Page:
From an anti-fracking group, hypocrisy of the first orderNEW YORK DAILY NEWS Tuesday, July 31, 2012, 4:09 AM Julia Schmalz/Bloomberg
Anti-fracking activists are trying to have it both ways — ban drilling but keep on using gas.
Their gimmick was to showcase the culinary bounty of the upstate region that’s allegedly in jeopardy if Gov. Cuomo green-lights gas drilling in the Marcellus Shale. They call themselves Chefs for the Marcellus.
Guests were treated to eggplant-stuffed okra, smoked lamb belly with fermented tofu and whipped ricotta jewel on toast — along with wines from the Finger Lakes and beers from Cooperstown’s Ommegang brewery.
The only thing more delicious than the menu was the irony, because many if not most of those dishes were cooked over the bright blue flame of natural gas.
That’s right, the Chefs for the Marcellus saw nothing wrong with using the very same fuel they portray as a dire threat to the upstate countryside.
Plus, there’s all the electricity they needed to refrigerate the okra and air-condition the patrons who had paid $125 a pop. Most of those kilowatts, in New York City, were produced by gas-fired power plants.
And every last cubic foot of gas they consumed originated from a hole drilled in the ground. Based on national averages, roughly a quarter of it was extracted from shale formations using the high-volume hydrofracturing method that anti-frackers are working overtime to demonize.
And some of it, in all likelihood, came from non-New York areas of the Marcellus Shale, such as Pennsylvania.
But too many anti-frackers are trying to have it both ways — to completely ban the practice in their own backyard, while continuing to take enjoy the food-cooking, house-warming, juice-generating benefits of gas drilled elsewhere.
“We all cook with gas. We all use gas,” acknowledged Chefs for the Marcellus organizer Hilary Baum. “But we have to be looking at developing alternative energy sources and not be so stuck on fossil fuels.”
Ah, but we are stuck on fossil fuels, at least for the foreseeable future. It will be decades, if not centuries, before we can fully replace them with renewables such as wind and solar or, if it were up to me, greenhouse-gas-free nuclear power.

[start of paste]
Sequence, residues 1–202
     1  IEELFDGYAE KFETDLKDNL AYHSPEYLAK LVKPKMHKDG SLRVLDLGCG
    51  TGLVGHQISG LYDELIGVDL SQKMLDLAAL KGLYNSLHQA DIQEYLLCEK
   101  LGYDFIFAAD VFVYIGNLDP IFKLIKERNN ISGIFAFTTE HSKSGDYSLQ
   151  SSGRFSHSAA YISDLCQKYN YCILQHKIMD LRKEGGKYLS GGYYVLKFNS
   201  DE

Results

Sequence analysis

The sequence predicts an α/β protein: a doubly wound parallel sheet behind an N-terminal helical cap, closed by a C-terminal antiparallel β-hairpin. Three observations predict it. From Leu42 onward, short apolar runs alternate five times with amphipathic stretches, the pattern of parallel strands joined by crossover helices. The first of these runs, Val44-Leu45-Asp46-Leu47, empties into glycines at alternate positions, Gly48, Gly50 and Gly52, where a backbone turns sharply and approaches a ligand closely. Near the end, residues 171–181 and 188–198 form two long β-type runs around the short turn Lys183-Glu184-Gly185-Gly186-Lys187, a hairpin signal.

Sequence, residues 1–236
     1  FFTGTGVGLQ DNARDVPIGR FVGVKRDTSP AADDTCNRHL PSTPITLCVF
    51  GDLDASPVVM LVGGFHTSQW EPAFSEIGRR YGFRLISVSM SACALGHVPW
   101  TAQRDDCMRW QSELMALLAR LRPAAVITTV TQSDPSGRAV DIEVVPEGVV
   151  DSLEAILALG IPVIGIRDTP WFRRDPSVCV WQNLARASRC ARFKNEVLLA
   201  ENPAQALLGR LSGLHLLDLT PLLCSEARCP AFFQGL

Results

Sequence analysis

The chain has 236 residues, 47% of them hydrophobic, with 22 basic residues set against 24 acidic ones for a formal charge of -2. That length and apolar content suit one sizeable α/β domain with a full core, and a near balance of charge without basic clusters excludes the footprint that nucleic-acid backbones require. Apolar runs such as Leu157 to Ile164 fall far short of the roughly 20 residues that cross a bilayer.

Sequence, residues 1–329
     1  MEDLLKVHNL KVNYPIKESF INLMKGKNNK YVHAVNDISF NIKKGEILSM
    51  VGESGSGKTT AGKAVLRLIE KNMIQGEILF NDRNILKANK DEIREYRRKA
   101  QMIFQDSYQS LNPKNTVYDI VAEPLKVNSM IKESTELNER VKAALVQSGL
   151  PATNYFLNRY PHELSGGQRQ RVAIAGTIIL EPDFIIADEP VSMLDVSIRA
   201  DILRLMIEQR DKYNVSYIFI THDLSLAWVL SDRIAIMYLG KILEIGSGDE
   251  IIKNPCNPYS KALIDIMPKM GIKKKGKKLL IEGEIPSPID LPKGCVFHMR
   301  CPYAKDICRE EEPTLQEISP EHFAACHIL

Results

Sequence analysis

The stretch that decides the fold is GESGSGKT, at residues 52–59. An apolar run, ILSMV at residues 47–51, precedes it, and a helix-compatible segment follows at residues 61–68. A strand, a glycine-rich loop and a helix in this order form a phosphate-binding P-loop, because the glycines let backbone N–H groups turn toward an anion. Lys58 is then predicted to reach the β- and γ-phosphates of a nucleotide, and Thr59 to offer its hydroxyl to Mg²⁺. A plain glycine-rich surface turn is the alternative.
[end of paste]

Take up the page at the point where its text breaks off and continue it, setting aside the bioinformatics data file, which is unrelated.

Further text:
Even when that day comes, I doubt any windmill will ever be able to properly char a steak or saute a salmon fillet.
Of the fossil options, natural gas is by far the greenest. Drilling has its risks, but they’re minimal compared with the damage caused by carving the top off a mountain in coal country or risking an oil rig explosion in the Gulf of Mexico.
Gas burns cleaner, too. It causes nowhere near as much smog or acid rain as oil or coal. It wasn’t long ago that environmental types were clamoring for New York’s power industry to burn more of it.
Gas also releases much less planet-warming carbon dioxide than other fuels. According to the International Energy Agency, the United States’ CO2 emissions dropped 7.7% between 2006 and 2011 — faster than any other country or region — in part because of “a substantial shift from coal to gas in the power sector.”
What made that shift happen was high-volume hydrofracturing, a technology that’s allowing the U.S. to tap vast reserves of clean fuel that were previously out of reach.
The benefits for the economy have also been huge. As Manhattan Institute energy expert Robert Bryce points out, fracking has helped lower the price of gas from about $10 per thousand cubic feet in July 2008 to about $3 today. That’s saving the American economy $264 million a day while creating thousands of jobs.
Of course fracking can cause pollution. Every large-scale human activity does. The anti-fracking folks at the Ommegang brewery, for example, suck millions of gallons from the Susquehanna River watershed, burn propane to run their boilers and dispose of wastewater containing cleaning chemicals into leach fields on their own property.
“We try to be as clean as we possibly can,” spokesman Larry Bennett told me.
The same cost-benefit logic should apply to fracking in New York — and will apply, if the Cuomo administration moves forward with what would be the toughest drilling regulations in the nation, if not the world.
“It’s easy to demonize the oil and gas industry,” said Bryce. “But getting along without the fuels they provide takes us back to the Stone Age.”
Nobody, not even hard-core environmentalists, wants to live there.